Only by flying into São Paulo can you truly comprehend its scale. Just when you think you’ve seen it all, another sprawling mass of orange-roofed houses comes into view, punctuated by clusters of office blocks and luxury apartment complexes. The city is packed solid with infrastructure on a tangled network of roads, chaotically thrown together during one of the fastest periods of urban expansion ever seen.
Between 1900 and 2000, São Paulo grew by 7,200%. Although this rate is slowing, as industrial production becomes more evenly distributed, the São Paulo metropolitan area today has just under 20 million inhabitants, making it the seventh-largest city on Earth.
This explosive rate of growth has brought a catalogue of problems. Levels of poverty and crime remain high, and industrial pollution contaminates the city’s air and rivers. Poor public transportation has pushed locals onto the famously congested roads, with the total number of automobiles rising to a barely sustainable seven million in early 2011.
Although magnified by the sheer size of São Paulo, these problems are hardly unique in a country that saw such large-scale urban migration that many important questions about urbanism did not have time to be asked.
Anything can happen
For the architect, few situations could be more daunting, though that’s not what you’d think from speaking to Rafael Brych and Alexandre Hepner. They are two of the founding partners of Arkiz, the youngest of seven architecture practices to receive a São Paulo New Practices award, which is given to those seen as representing the new generation of Brazilian architecture. Both men exude an infectious sense of possibility.
"It’s an amazing time to be an emerging practice," says Brych. "There is a lot to do in terms of infrastructure, educational and cultural public spaces, public housing… everything needs to be done.
"But there is a new way of thinking to how it was even ten years ago. People often say, ‘this is Brazil’s time’. Maybe this time it really is."
Arkiz’s approach is a departure from the modernism that has come to define Brazil, a fact that shines an ironic spotlight on our meeting place – London’s brutalist Barbican Centre. While clearly appreciative of Niemeyer and those he inspired, Arkiz is trying to bring a more fluid, programme-specific approach to its work. This represents a missing step, which in other parts of the world was taken 30 years ago.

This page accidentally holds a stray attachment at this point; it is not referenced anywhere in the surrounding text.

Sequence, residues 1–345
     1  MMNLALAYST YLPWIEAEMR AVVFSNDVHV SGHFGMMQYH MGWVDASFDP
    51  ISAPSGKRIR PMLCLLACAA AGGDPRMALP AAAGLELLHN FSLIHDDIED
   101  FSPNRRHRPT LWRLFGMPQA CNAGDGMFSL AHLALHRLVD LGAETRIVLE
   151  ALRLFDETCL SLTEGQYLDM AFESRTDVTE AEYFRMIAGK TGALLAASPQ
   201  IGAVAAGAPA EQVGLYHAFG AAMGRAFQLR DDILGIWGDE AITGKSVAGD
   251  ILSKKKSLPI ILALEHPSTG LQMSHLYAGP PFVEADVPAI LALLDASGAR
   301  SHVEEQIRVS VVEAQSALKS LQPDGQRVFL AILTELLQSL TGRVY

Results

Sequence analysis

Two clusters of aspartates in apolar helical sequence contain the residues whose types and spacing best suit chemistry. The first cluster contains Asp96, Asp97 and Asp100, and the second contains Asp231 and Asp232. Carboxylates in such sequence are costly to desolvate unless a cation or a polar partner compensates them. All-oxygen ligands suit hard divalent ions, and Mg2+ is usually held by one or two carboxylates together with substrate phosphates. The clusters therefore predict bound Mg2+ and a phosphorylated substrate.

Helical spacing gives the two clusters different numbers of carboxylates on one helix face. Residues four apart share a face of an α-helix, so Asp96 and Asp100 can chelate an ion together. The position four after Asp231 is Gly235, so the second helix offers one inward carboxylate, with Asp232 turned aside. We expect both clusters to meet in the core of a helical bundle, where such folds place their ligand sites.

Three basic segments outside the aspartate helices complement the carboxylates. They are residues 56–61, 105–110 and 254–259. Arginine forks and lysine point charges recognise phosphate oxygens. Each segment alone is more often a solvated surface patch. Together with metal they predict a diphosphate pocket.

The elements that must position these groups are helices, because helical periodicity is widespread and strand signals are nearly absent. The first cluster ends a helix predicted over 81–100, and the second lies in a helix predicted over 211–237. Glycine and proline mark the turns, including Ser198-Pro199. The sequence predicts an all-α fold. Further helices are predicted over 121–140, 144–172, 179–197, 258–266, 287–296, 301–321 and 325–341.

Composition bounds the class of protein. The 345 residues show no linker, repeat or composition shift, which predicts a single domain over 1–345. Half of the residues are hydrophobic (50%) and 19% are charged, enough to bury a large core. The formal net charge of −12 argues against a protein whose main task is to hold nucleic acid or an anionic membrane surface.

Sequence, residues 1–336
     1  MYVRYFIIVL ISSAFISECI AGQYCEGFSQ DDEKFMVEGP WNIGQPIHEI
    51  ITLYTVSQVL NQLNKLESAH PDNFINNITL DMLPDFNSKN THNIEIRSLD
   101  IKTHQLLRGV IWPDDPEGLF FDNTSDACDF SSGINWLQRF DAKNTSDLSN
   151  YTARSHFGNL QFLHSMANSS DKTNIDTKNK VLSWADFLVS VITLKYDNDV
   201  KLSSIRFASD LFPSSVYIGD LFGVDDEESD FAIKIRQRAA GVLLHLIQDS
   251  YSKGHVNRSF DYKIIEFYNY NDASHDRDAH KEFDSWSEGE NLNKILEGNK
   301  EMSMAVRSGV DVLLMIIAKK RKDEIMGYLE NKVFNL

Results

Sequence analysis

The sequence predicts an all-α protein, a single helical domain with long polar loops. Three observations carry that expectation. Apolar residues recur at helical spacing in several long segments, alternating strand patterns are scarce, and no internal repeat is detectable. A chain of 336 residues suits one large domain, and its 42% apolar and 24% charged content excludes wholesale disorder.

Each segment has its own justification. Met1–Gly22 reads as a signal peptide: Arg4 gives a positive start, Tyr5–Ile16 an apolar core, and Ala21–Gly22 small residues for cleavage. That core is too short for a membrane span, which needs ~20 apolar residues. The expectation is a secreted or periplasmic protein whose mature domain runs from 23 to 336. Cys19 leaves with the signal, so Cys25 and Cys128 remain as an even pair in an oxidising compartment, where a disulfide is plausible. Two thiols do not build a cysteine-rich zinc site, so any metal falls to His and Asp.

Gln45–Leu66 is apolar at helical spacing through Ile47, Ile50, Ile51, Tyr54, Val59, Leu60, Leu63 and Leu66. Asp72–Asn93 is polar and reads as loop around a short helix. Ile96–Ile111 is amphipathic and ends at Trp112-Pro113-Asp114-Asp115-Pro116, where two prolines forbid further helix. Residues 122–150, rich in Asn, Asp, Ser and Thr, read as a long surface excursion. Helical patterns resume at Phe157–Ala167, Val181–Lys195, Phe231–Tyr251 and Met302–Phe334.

"Theoretically, Brazil didn’t have a postmodern phase, but went straight through to contemporary," says Hepner. "We ended up with architecture void of any ideology except for that of accumulation. We are trying to understand communication through architecture and the symbolic values it can embody, not just the language of formalism that has always been the spirit of Brazilian architecture."
The period between the end of Brazil’s golden age of modernism and today, around 30 years, has been hugely regressive. Many did not see how postmodernist ideas could be applied to the Brazilian context and, in Hepner’s opinion, dismissed them as ‘European frivolity’. The country’s cities grew quickly and in a disorderly fashion, a situation exacerbated by a prolonged period of economic volatility that saw inflation rates reach as high as 6,821% in April 1990.
"The modernist golden age was sponsored by the state," Hepner explains. "When the economy went bad and the state decided to withdraw its support, a gap was left. Architects were trying to make it work, but weren’t having the clients they were used to. And when $1,000 today is going to be worthless tomorrow, people are reluctant to invest. Over the last ten years, however, because of the shift in Brazil’s economy and the stabilisation of the currency, it has become a new time for architecture."
A stronger economy has made many people very wealthy, while allowing the government to implement social programmes that drag millions out of poverty. But there is still a big material and physical divide between rich and poor that Brazilian architects find cannot be ignored. The partners from Arkiz view public spaces as the best way to encourage social integration, as demonstrated by a recent proposal.